In an effort to unlock the value of its real estate, Sears Holdings Corp. spun off 235 Sears and Kmart properties into Seritage Growth Partners, a REIT that began trading publicly in July. Sears also has 50 percent interests in ventures with Simon, General Growth Properties and Macerich.

Macy’s has said it will test its Backstage off- price retail concept within 10 existing Macy’s stores, creating a hybrid store-within-a-store.

“Backstage could definitely be a possibility,” said Bridget Weishaar, senior apparel analyst at Morningstar. “It would draw more foot traffic and hopefully a younger consumer. Macy’s would have to weigh whether the cost structure makes sense. Off-price operating margins usually don’t make sense in more expensive real estate.”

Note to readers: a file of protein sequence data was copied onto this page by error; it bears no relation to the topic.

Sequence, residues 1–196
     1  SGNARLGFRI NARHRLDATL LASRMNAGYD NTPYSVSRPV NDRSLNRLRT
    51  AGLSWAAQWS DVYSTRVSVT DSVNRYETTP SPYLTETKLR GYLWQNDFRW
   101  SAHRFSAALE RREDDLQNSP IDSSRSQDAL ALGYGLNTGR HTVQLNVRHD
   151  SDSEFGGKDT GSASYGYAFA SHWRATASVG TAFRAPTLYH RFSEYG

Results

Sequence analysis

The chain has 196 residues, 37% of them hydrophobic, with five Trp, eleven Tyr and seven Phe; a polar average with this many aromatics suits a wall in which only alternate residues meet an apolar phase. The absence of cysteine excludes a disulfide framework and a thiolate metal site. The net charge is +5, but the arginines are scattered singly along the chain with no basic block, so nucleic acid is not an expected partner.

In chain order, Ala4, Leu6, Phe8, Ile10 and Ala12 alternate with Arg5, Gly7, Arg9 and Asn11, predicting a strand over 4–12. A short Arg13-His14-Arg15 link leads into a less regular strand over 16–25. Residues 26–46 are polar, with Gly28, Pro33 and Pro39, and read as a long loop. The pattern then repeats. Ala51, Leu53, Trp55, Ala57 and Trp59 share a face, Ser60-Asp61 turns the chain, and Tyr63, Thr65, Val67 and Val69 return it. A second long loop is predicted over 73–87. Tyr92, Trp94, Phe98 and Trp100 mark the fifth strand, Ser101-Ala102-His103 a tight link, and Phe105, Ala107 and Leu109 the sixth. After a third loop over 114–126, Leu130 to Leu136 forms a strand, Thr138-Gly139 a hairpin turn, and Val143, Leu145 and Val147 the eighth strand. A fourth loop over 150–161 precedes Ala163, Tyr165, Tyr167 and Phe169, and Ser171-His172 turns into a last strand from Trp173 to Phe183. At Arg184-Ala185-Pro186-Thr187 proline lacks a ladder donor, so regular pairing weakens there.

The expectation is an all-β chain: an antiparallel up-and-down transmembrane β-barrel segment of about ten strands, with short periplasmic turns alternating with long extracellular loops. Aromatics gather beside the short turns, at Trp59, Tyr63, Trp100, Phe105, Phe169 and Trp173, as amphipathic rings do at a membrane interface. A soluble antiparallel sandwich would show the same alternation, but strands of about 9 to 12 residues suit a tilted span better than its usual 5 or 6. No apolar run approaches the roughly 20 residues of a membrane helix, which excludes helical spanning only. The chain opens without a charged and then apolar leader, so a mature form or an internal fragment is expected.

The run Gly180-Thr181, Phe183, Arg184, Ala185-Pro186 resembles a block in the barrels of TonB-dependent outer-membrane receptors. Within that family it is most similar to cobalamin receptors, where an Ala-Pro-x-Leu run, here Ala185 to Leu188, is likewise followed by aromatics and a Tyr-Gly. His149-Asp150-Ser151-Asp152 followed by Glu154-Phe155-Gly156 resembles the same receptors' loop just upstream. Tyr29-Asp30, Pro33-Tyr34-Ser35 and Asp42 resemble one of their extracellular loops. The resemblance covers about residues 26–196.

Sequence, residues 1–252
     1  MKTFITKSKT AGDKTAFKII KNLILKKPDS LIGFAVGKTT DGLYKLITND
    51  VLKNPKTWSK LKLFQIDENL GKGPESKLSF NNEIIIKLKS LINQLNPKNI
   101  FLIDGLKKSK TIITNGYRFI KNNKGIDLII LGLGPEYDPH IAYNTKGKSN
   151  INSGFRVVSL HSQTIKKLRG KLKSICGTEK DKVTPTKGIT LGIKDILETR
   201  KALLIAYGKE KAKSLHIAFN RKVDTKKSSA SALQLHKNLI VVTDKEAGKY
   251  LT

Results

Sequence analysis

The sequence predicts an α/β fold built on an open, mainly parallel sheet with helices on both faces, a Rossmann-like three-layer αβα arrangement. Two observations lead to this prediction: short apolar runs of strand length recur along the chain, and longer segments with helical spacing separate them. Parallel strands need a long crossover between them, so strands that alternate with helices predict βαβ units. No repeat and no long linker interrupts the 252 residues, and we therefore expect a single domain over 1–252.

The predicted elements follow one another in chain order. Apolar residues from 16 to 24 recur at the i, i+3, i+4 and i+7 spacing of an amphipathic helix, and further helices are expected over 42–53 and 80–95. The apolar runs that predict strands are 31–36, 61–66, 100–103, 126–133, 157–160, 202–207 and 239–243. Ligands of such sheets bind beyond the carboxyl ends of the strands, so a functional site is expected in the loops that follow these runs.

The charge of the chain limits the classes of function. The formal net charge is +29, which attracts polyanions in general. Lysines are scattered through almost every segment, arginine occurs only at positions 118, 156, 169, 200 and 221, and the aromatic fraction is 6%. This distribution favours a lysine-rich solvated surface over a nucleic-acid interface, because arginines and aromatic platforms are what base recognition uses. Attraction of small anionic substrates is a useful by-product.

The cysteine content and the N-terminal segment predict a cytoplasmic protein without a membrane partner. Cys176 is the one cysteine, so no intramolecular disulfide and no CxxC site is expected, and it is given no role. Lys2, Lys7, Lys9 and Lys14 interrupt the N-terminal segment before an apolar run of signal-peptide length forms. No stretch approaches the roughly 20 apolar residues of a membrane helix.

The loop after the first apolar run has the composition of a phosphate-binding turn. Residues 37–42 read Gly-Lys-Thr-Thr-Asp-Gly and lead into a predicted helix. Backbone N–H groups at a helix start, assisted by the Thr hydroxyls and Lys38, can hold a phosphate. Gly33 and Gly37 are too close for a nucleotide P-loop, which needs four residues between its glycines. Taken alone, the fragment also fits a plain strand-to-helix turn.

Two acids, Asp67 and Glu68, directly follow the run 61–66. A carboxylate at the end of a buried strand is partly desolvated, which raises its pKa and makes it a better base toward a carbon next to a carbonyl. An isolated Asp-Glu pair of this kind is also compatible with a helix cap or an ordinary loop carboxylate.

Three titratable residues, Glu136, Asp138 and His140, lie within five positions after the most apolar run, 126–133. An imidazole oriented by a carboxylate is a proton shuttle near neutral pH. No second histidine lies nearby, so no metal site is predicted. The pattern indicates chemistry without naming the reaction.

Weishaar said Macy’s could attract more customers with a noncompetitive business such as Whole Foods. “You wonder whether Macy’s couldn’t run their stores like shopping malls, with a spa or a SoulCycle or a gym.”

That’s the thinking behind the retailer’s test license of 300-square-foot Best Buy departments in 10 doors, staffed by Best Buy employees and featuring Samsung smartphones, tablets and smartwatches, as well as audio devices.

Licensed arrangements are nothing new to Macy’s. The retailer already operates licensed Sun- glass Hut, Finish Line and Lids shops in its stores.

Joanne Podell, vice chairman of Cushman & Wakefield, suggested taking that idea one step further. “The ground floor of Macy’s is worth a fortune,” Podell said. “A lot of the departments there are licensed. Macy’s doesn’t make the kind of margins it should on the products. It may be better to condominiumize or net-lease some space, say to, Ralph Lauren. Saks is doing the same thing.”